Democratic presidential candidates are descending on Iowa for the first face-off of their 2016 primary, a contest that remains dominated by the outsized political influence of Hillary Rodham Clinton.
All five Democratic primary candidates are on the program for a dinnertime fundraiser sponsored by the state party in Cedar Rapids, creating an opportunity for her challengers to confront Clinton before more than 1,200 influential party activists in the crucial caucus state.
Three months into what seems like an all-but-inexorable march to the nomination, Clinton has already built a vast campaign infrastructure, establishing a multistory headquarters in Brooklyn, New York, and placing hundreds of staffers across the country.
But her first joint event with her primary rivals comes amid signs that she has yet to win over her party's most passionate supporters, the activists and small-dollar donors that will form the base of her support in the general election.
At a town hall meeting in New Hampshire on Thursday, liberal environmental protestors broke out into chants after Clinton refused to promise an immediate halt to all fossil-fuel development.
"I totally respect the passion and the urgency," she said, attempting to calm the crowd. "I understand it."
An Associated Press-GfK poll released this week found her standing falling among Democrats, with about 70 percent of Democrats giving Clinton positive marks, an 11-point drop from an April survey. Nearly a quarter of Democrats now say they see Clinton in an unfavorable light.
"I don't like seeing that, obviously," Clinton said of the poll, speaking to reporters on Thursday. "But I think people know that I will fight for them. I'll fight for their jobs, I'll fight for their families, I'll fight on behalf of better education and health care."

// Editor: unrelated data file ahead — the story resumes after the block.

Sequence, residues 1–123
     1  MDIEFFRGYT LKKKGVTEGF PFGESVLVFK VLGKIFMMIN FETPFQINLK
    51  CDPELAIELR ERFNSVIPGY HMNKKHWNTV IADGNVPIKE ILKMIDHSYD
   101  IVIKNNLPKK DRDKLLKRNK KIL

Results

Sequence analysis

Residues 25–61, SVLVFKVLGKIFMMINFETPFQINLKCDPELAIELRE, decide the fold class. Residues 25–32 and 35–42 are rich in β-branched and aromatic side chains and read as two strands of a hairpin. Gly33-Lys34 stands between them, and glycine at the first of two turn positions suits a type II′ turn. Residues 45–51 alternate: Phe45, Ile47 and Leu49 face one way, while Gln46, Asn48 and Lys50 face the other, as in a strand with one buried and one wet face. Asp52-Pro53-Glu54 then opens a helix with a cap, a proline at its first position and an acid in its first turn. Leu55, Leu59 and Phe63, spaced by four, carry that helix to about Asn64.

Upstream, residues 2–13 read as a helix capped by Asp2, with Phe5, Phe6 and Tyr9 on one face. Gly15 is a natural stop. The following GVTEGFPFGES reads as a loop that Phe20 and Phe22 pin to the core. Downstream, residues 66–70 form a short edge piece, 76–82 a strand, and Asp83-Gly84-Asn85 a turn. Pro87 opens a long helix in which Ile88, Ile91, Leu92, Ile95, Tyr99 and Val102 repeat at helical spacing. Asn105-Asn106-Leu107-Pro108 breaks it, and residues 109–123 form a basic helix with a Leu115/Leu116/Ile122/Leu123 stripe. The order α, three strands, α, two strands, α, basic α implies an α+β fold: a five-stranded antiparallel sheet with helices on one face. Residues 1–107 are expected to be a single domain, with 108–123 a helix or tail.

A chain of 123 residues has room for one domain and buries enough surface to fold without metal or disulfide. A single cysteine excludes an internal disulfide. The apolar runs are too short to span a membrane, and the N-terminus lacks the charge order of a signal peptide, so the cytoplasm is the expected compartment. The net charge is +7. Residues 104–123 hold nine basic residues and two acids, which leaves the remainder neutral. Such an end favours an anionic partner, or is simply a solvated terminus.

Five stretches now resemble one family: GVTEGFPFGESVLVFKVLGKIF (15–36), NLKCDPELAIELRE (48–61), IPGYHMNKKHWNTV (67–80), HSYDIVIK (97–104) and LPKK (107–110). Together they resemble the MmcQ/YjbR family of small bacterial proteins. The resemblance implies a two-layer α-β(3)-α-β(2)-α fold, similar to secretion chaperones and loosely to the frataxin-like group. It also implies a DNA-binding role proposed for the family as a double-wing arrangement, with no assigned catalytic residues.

She added: "I'm very pleased with the support I have."
Just 17 percent of the $47 million that Clinton raised since announcing her campaign came from contributions of $200 or less. In comparison, Vermont Sen. Bernie Sanders has fueled his insurgent challenge to Clinton with small donations, pulling in three-quarters of his more than $15.2 million haul from smaller amounts.
In recent weeks, Sanders has packed arenas with voters eager to hear the message of the self-described socialist, who's become Clinton's chief rival. So far, he's refused to directly criticize Clinton, though he's questioned her positions on issues like trade, Wall Street regulations and the Keystone XL pipeline.
"I like her. I respect her," Sanders said on Tuesday, after joining his fellow Senate Democrats at a luncheon with Clinton on Capitol Hill. "It is not necessary for people to dislike each other or attack each other just because they're running for office."
Besides Sanders and Clinton, the forum includes former Maryland Gov. Martin O'Malley, former Virginia Sen. Jim Webb and former Rhode Island Gov. Lincoln Chafee. Each candidate will deliver 15 minutes of remarks.